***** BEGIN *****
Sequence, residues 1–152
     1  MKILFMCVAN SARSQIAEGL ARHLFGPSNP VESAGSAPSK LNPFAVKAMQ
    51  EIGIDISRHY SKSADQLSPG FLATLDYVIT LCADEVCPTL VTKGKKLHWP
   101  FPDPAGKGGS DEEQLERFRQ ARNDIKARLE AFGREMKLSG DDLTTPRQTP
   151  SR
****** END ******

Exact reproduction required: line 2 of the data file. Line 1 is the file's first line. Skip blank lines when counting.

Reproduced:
     1  MKILFMCVAN SARSQIAEGL ARHLFGPSNP VESAGSAPSK LNPFAVKAMQ